The story of Mystery Jets’ recent history is an inspirational one, both musically and autobiographically.
A Billion Heartbeats was set for release at the end of September last year, yet was put on hold as singer Blaine Harrison’s spina bifida flared up, forcing him into hospital for an emergency operation. With inevitable ironic timing, the band’s single Hospital Radio had been released two months’ prior, giving Harrison a sharp reminder of what he was singing about in real time.
It says much for the band’s spirit that the redrafted press release for the new album mentions little of this. Instead the story of A Billion Heartbeats is retold, the band’s sixth long player used as a mirror for the many protests of 2017, as seen from Harrison’s Trafalgar Square dwellings. Yet this is not an angry album; there are no futile rants. Instead we find strength in numbers and belief in the power of change. In these most uncertain times, it strikes a chord with unerring accuracy.
Musically it is arguably the best thing the band have done – which is saying something, with their output on a steadily upward curve from the impish early albums to 2016 and the ambitious Curve Of The Earth. Yet there was always music of substance around these early poppy numbers, and we see that in spades here. Only a brief blast of Screwdriver is needed to establish the road the band are travelling. Theirs is now a ballsy, driven sound, invigorating as a blast of water full in the face, while Harrison sings from the front line of ‘hooligans in uniform’ and ‘hate masquerading as pride’.
Petty Drone is a similarly upfront number, a confident statement of intent if ever there was one, while the big guns keep coming with the effortlessly epic History Has Its Eyes On You, Harrison’s vocals sounding a note of caution.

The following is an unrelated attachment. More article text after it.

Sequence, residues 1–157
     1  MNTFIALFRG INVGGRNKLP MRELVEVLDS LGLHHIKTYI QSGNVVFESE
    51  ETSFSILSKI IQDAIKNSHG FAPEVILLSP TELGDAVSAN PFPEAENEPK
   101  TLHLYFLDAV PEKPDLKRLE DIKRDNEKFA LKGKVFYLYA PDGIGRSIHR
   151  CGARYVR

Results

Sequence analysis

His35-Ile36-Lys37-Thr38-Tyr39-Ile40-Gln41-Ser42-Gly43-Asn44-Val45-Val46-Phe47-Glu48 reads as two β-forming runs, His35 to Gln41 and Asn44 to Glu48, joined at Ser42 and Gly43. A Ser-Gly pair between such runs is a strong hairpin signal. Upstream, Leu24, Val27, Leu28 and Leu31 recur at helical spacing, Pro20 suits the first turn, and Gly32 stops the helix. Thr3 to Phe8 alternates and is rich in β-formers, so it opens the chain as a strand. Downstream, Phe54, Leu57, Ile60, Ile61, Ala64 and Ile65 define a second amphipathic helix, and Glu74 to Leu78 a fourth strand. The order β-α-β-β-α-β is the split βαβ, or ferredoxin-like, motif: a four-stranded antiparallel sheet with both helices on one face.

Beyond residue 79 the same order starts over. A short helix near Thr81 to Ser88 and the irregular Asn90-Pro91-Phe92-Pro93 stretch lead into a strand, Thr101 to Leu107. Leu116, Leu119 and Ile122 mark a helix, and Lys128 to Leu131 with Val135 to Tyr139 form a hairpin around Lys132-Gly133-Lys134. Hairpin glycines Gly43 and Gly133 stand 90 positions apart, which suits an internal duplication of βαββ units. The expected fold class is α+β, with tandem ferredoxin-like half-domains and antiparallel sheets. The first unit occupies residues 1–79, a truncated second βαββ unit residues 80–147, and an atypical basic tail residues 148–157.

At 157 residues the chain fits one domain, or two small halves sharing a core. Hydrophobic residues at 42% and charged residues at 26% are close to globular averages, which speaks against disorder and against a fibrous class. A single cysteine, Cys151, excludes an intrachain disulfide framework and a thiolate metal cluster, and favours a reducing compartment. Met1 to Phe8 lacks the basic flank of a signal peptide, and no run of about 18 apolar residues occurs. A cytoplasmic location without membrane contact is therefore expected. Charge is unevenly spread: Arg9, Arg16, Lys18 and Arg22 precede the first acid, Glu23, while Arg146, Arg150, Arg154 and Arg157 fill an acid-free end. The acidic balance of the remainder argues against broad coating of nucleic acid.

Throughout the album the band achieves the tricky balance of epic, rock-driven songs that are never a vehicle for the lead singer’s ego, with no song embodying this more than the calling card Hospital Radio. A paean to the NHS, it really should be adopted as an anthem of gratitude for those helping us through these unprecedented times. Written by Harrison from a patient’s-eye view at Chelsea and Westminster Hospital, it comes from straight from the wired-up heart. Its key moment, a build of layered vocals singing ‘hold on to me’, explodes in the final chorus: “When you’re lying in your bed, old, soiled and screaming, wondering where the hell it went wrong, wired up to keep your cold, cold heart beating, we will be the pill on the end of your tongue.” The accompanying rush of drums are a thrilling burst of electricity, the patient’s cold heart racing by the end of it.
There are a few hundred heartbeats’ worth of repose on this album too. Endless City asks ‘could I ever step off the treadmill that I’m moving along’ – a question we have all surely asked ourselves in the last few weeks – while the slightly sprawling Cenotaph reaches a peak with its soaring vocals. The closing Wrong Side Of The Tracks is also more spacious, but ends in defiant mood. “Don’t you ever stop,” sings Harrison. “Don’t you ever look back.”
The delay in release of A Billion Heartbeats has brought it right in step with our times. Its relevance is uncanny, yet it offers a clenched fist of resolve, a musical coping mechanism. To be able to write that after Harrison’s most recent hospitalisation is heartening indeed – and Lord knows we need some inspiring creative stories right now.